Those "you need to be X to understand what I mean" arguments are bad because they assume correlation implies causation. That is, because many people start to mature as they get older, many people assume that age causes maturity. It doesn't. Likewise, you don't need to be Japanese to understand any given fact about Japan, unless it's some sort of national secret. It's just much, much harder for outsiders to understand things that might seem perfectly natural to them, and diminishing that work is really offensive.

These arguments are actually even trickier to deal with due to the fact that they're mostly useful, but the exceptions really hurt people who have worked hard to achieve something few people manage. The end result is that they're often used to escape uncomfortable observations made by outside experts.
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Re: What argument styles are acceptable/unacceptable? (Opinion!)

Postby yoni45 » Tue Jan 15, 2008 4:17 pm UTC

angel_jean wrote:What is it that people say/write, that would strike you as 'unfair argument'? What gets your hackles up, whether your response is to say to yourself 'not fair tactics'/'how silly/childish', or to say so explicitly, or to feel that you don't want to argue with them any more because the discussion is not fun? This is in the context of stuff that is allowed under Serious Business rules (which are generally more restrictive than a lot of other fora, and I like them because I hope they sustain discussion among intelligent people.)


Essentially, anything invalid, based on faulty premises, or irrelevant (which is arguably under invalid). That's really a list of most (if not all) cases on the basis of which you can start calling 'foul'. How to do so?

If it's invalid, show why.
If premises are faulty, show why.
If it's irrelevant, show why.

Of course, having done that, (referencing back to the list of numbered objections previously noted), you won't necessarily receive objections that fall into categories 1-3. At that point, you have a choice to withdraw from the argument and you won't have done anything wrong. That said, keep in mind, if you're withdrawing from the argument on that basis, the basis is expected to be substantial for your withdrawal to be considered in good faith. For example, if your opponent constructs a substantial argument but closes it by calling you 'silly', your withdrawal from the argument would likely still be taken as you implicitly conceding your point (and justifiably so).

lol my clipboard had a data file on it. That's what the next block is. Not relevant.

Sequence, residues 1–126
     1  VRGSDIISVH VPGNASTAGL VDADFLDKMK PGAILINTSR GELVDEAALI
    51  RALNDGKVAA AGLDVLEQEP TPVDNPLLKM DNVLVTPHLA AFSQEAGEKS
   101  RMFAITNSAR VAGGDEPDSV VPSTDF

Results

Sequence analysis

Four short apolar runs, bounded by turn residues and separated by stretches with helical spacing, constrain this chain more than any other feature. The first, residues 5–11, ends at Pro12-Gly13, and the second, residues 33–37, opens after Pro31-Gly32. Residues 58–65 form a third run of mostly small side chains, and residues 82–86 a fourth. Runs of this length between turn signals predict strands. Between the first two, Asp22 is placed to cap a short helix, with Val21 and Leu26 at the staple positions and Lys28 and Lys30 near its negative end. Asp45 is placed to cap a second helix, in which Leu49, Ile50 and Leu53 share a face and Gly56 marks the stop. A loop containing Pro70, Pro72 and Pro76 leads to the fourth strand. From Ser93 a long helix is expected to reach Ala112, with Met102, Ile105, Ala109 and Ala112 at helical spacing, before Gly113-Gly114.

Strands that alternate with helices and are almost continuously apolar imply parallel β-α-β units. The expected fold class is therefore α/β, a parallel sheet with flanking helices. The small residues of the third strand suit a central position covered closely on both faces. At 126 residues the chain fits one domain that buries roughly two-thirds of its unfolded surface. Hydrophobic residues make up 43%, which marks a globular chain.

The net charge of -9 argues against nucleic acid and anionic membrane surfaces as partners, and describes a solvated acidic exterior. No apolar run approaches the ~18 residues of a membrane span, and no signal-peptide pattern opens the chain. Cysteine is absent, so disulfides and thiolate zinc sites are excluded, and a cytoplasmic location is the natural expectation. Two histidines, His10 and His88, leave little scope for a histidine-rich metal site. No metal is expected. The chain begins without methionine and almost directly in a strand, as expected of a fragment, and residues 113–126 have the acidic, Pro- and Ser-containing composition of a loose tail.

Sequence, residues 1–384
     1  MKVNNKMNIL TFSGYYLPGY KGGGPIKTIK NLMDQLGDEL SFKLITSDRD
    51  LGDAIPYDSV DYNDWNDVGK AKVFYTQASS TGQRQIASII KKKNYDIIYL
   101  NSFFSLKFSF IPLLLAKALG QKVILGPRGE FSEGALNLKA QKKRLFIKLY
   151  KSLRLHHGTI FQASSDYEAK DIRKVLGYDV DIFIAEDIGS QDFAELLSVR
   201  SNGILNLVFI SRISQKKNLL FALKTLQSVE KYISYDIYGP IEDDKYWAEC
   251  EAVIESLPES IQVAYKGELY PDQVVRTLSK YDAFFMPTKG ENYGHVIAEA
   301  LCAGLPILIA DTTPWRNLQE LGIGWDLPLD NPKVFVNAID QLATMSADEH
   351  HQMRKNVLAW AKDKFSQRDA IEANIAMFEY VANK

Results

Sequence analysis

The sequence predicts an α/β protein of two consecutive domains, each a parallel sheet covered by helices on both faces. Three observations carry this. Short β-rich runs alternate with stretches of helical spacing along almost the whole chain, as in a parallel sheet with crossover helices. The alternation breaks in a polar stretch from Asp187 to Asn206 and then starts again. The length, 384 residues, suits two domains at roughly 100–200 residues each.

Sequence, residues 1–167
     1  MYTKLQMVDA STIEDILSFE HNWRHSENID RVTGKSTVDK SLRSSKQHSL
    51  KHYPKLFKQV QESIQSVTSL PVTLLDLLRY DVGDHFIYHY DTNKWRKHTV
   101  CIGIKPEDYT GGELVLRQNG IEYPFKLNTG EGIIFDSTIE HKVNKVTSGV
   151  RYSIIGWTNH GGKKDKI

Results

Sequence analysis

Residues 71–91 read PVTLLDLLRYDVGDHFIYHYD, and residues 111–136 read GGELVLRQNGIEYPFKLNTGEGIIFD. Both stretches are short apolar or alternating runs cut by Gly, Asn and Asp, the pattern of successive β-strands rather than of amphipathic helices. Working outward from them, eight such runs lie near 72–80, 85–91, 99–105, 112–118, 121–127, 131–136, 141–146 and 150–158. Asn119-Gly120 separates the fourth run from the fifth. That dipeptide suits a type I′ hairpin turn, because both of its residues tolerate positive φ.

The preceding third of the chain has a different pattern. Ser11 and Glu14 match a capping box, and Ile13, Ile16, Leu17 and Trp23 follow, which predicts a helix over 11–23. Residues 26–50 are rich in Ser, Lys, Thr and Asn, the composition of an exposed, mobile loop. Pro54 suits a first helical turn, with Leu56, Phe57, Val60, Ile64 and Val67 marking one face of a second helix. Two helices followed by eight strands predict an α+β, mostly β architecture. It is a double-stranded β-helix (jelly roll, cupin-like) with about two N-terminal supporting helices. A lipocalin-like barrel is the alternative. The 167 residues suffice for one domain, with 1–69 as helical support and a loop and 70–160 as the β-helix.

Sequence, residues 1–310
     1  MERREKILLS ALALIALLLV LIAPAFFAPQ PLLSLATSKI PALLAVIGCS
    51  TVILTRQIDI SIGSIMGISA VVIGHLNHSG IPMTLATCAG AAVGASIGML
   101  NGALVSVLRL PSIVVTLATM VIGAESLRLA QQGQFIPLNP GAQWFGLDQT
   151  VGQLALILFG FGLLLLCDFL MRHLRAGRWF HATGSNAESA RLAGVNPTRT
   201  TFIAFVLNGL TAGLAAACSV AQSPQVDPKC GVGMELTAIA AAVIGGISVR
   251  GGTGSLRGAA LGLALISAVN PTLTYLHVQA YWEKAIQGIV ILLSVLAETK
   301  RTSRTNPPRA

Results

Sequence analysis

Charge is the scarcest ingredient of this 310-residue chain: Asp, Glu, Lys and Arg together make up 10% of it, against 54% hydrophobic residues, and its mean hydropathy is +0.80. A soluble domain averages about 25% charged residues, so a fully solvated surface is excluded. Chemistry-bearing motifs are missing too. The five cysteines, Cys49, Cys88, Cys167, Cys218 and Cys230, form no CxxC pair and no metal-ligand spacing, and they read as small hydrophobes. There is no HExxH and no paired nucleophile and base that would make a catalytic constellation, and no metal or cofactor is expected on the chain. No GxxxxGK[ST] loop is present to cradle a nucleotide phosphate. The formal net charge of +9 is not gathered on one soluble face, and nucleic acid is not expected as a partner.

angel_jean wrote:I gave the example of someone quoting small segments of a person's post, and we agree that it can be fair, and we also agree that it can be used unfairly. I gave the example of someone criticising the act of quoting sentences of their post, and we agree that this can be childish if that is their only criticism. But I have seen it - recently - in these forums - so someone must disagree. I'm not expecting them to come over here and specifically defend that, although it would be lovely and interesting if they would (I promise I won't flame you!) But I would love to hear more examples from people who have been discussing here a while and are experienced in arguments.


Hah, I think that was actually me on the other side of that argument (the one that chose to quote segments I saw as flawed)... ^_^

angel_jean wrote:One of his tactics that I hated was that he would attempt to restart the argument on his terms. Literally 'let's start again: Here is premise a, here is premise b, here is context, here is my argument." There are several things that got my hackles up: firstly the way he wanted to ignore everything that had previously been said, secondly I usually didn't like his premises themselves and would start getting caught up arguing with them, thirdly it smacked (to me) of him trying to take a superior position as the better logician (which I knew was patently false :P) and fourthly because I suspected he did it when he wanted to avoid my point of view entirely.


That's not necessarily an unfair or invalid method.

Essentially, he's bringing forth a new argument. In other words, he believes that whatever his previous argument was, it was either insufficient (and in such a case, although you can call him on it, this does not free you from having to respond to his new argument), unnecessarily convoluted and required restructuring, or both. This is fine so long as this is his argument he's replacing.